By Suzanne Strempek Shea. New York. Pocket Books. 1999. 273 pages. Hardback. $22.00.
Lily's story begins at the age of ten when she discovers drawing. It concludes when she is forty, and when she defines herself as an artist. Between discovery and culmination she lives and works shapelessly by taking odd jobs which utilize her talent, until a commission is handed her to paint a family portrait. That responsibility sets her off in a forward direction, and her life takes shape.
Toward the end of her story she muses:
My life itself has been a box. One thing to most people who saw it, something else to me, who got the best look inside, who got to shake it, to open it, to guess that all the many pieces inside might come together to make something way beyond any imaginings.
Lily of the Valley, Suzanne Strempek Shea's third novel is set, like her first two, in a small Polish-American town in Massachusetts. The town, the inhabitants, and the heroine are ordinary, so ordinary that they would surely invoke horror and rejection by the nubile beauty featured in the current hit film, American Beauty. If the ordinary is not attractive, how is it that this author has produced a compelling story?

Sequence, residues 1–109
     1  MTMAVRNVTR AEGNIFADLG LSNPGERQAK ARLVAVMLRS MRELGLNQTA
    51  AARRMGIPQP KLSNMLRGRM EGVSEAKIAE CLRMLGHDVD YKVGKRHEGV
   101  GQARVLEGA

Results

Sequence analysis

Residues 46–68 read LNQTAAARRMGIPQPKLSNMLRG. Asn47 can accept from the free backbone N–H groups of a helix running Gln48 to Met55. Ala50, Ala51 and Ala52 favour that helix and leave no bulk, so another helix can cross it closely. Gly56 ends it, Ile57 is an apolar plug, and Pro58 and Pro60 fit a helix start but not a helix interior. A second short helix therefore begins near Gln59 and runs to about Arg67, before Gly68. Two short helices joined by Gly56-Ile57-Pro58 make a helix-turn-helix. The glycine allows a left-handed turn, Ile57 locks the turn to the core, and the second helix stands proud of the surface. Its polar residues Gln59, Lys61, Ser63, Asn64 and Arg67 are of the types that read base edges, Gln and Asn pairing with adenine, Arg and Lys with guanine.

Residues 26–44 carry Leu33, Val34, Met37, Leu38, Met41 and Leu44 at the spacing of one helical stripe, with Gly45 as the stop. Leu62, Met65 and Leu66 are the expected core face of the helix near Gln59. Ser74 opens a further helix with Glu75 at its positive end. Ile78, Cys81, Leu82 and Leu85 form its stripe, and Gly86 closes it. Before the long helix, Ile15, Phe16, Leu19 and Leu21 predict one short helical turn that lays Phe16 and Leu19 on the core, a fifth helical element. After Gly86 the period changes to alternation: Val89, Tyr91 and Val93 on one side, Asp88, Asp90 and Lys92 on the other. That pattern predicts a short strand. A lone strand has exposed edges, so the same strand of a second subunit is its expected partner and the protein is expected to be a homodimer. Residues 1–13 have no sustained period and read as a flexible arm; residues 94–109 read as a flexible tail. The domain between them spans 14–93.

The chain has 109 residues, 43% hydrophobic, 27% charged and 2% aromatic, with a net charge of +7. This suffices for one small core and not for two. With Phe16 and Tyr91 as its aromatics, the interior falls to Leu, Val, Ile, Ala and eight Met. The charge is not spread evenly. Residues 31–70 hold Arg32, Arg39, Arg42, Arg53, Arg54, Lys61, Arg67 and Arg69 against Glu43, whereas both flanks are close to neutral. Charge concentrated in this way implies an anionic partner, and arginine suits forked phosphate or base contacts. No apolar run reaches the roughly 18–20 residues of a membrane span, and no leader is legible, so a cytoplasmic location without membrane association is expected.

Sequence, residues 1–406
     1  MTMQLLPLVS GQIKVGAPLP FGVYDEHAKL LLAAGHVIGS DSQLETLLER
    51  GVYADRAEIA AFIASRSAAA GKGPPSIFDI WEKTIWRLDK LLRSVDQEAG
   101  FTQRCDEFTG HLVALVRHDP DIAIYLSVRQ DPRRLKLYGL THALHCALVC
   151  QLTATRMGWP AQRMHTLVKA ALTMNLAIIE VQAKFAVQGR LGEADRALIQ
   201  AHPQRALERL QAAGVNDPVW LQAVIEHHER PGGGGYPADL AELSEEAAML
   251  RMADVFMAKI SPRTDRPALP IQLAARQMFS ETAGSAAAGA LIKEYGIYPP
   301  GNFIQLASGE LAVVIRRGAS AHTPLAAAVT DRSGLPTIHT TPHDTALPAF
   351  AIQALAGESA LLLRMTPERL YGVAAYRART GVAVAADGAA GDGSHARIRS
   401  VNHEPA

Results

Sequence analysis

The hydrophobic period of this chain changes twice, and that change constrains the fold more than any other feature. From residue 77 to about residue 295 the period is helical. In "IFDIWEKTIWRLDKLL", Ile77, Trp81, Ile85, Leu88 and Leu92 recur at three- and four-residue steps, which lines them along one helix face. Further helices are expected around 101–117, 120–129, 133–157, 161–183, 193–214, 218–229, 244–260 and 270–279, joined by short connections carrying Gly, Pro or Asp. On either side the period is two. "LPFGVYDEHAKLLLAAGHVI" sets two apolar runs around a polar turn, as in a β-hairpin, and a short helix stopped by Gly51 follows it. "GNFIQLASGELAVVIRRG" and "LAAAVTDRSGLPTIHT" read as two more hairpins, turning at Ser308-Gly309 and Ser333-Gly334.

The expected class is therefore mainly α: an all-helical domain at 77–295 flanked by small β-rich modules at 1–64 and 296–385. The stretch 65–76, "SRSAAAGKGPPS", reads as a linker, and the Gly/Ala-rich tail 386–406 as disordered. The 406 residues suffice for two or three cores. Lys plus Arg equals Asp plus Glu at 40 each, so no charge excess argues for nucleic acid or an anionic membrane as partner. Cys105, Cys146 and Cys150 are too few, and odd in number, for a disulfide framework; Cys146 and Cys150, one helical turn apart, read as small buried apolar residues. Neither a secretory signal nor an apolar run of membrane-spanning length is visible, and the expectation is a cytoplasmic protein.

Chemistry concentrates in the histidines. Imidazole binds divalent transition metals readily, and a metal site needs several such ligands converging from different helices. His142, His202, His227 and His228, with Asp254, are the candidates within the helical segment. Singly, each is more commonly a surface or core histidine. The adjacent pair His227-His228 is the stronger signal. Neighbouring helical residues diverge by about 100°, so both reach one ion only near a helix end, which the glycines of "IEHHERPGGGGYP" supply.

She makes the ordinary matter. She does what we all wish the evening news would do: infuse the ordinary with importance. She describes without judging or analyzing and does it with a skill, which makes the ordinary town, with its ordinary people, come alive via the perception of the ordinary protagonist who speaks in first person singular.
The three novels of Suzanne Strempek Shea have some common denominators. All involve the journey of a young woman who lacks direction and/or is thrown off balance by an unexpected event. In Hoopi Shoopi Donna, a newcomer to the family and subsequent alienation from her father fractures Donna Milewski's life. This second novel is suffused with American Polishness and linkage to the old country.